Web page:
Colette Kager Shares Relatives' Story of Surviving the Titanic
Kager, a North Canton resident, tells the story of how her mother-in-law's cousins survived the sinking of the RMS Titanic on April 15, 1912. That took place 100 years ago this weekend.
Colette Kager had no idea she had ties to the Titanic until she took her mother-in-law, the late Emma Joseph Kager, to see the film in 1997.
It was then that Emma mentioned her two cousins had been on board, traveling from their small village in Syria. They had survived the ship's sinking and eventually made it to America, she said. She had never mentioned the ties till then.
When Colette caught sight of the Syrians in the movie, it struck a chord. Most people don't think about all the immigrants the Titanic carried, she said; but the vessel actually had about 154 Syrians on board.
"I remember seeing that part in the movie — and it lasted forever, in my mind — when the Syrians were being boarded in steerage. And nobody else remembers that part. But to me it lasted forever."
A year or two after they saw the movie, the family went to a Titanic exhibit at the Great Lakes Science Center. Colette took with her a piece of paper from Emma, and written on it was the name of Emma's cousin who had survived the Titanic — Jamilia. Emma hadn't been able to remember the name of Jamilia's younger brother who traveled with her.
That name was all Colette needed to confirm the story. She took the paper to the wall that listed the survivors' names.
"I pulled out the piece of paper and I looked up and there her name was," Kager said. "I was just dumbfounded."
Emma had never known Jamilia (Jamilia was more than 20 years older than Emma), but she had met Jamilia's daughters.
"And she said her daughters told her in (Jamilia's) latter years, she died crying; she could never get over that she survived the Titanic."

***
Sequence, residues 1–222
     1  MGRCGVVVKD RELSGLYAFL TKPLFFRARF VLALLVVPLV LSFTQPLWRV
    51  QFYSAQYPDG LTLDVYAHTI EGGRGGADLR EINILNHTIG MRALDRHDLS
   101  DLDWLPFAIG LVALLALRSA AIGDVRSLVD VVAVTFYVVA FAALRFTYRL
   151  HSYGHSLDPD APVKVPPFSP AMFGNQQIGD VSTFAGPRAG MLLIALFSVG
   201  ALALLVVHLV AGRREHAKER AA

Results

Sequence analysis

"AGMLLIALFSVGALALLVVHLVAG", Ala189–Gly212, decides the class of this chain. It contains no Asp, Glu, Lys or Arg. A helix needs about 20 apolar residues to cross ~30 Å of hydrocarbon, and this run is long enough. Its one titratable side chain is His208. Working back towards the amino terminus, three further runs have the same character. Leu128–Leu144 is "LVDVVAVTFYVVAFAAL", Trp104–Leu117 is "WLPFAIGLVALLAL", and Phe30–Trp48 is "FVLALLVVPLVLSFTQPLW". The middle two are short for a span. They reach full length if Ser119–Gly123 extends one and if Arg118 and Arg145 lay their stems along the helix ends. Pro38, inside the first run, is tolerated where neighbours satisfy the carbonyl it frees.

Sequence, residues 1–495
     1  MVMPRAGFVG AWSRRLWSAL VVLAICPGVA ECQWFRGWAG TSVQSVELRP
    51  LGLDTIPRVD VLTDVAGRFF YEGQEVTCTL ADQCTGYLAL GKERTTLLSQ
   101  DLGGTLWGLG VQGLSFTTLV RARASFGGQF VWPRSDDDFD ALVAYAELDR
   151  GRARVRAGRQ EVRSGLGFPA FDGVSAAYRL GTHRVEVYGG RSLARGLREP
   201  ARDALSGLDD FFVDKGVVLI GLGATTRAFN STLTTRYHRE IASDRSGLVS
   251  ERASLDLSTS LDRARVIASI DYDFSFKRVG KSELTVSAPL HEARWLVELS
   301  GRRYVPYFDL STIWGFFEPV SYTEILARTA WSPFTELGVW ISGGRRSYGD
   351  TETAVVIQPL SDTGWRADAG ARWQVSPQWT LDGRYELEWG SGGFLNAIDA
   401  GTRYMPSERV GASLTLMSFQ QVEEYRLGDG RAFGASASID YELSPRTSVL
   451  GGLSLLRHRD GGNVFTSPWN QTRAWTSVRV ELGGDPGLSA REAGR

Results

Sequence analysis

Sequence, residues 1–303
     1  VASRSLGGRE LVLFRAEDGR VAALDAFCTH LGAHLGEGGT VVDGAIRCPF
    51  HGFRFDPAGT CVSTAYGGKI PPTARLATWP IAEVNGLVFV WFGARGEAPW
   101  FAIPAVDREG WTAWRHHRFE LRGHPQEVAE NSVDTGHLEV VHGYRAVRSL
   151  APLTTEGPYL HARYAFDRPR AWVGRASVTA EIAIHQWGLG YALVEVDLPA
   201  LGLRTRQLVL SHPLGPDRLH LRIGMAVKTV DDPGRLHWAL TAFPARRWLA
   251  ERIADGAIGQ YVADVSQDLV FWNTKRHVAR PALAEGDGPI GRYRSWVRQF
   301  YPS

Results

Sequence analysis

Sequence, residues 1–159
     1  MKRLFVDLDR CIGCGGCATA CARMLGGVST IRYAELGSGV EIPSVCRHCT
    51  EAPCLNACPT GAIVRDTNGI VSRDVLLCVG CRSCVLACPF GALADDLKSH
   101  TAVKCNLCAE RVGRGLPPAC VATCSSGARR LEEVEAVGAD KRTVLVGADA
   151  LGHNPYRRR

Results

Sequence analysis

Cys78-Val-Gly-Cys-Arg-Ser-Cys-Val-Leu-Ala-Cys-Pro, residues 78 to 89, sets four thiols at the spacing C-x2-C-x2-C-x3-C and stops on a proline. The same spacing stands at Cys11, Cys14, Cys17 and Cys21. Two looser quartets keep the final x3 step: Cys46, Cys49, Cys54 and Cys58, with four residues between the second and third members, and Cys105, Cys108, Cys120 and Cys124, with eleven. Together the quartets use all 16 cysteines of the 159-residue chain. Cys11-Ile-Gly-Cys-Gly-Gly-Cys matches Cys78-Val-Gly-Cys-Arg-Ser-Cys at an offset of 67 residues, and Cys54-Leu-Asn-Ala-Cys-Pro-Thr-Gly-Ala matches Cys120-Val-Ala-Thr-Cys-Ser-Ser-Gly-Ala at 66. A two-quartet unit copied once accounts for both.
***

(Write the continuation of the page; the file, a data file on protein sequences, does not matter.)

Emma passed away about four years ago, and since then Colette has researched her relatives' stories, garnering much information from their biographies, and has created a short children's story and presentation about it. She's even working on a novel that's also geared toward children.
She's scheduled to read "The Voyage of Two Children" at three local libraries this week. (See the end of this story for more info.)
In Colette's presentation, she reads the story she wrote about Jamilia, 14, and her brother Elias, 12, who set off from Syria with their father with the intent of boarding the Titanic together. Their father is detained because of an eye infection and the two children must go on without him.
The story goes on to detail the children's boarding the Titanic and their escape from the boat as it sank. We won't give too much of the children's story away (you should see the library presentations for that).
Colette, a hair stylist at Hairs to You in Canton, said she'll also speak at several schools around North Canton, including Northwood Elementary where her sons Steven, 11, and Cole, 9, attend.
Steven has heard the story before, but she said Cole wants to hear it for the first time with his classmates.
Children always seem to enjoy the story, especially because it involves people their own age, Colette said.
"It's the children and the interaction they have with the other kids (that they find interesting)," she said. "And survival. I think that's always of interest, too."
Library Dates and Times:
- 2 p.m. Sunday at the Stark Plain Community Branch, 1803 Schneider St. NE, Canton
- 6:30 p.m. Monday at the North Canton Public Library, 185 N. Main St., North Canton
- 6:30 p.m. Tuesday at the Louisville Public Library, 700 Lincoln Ave., Louisville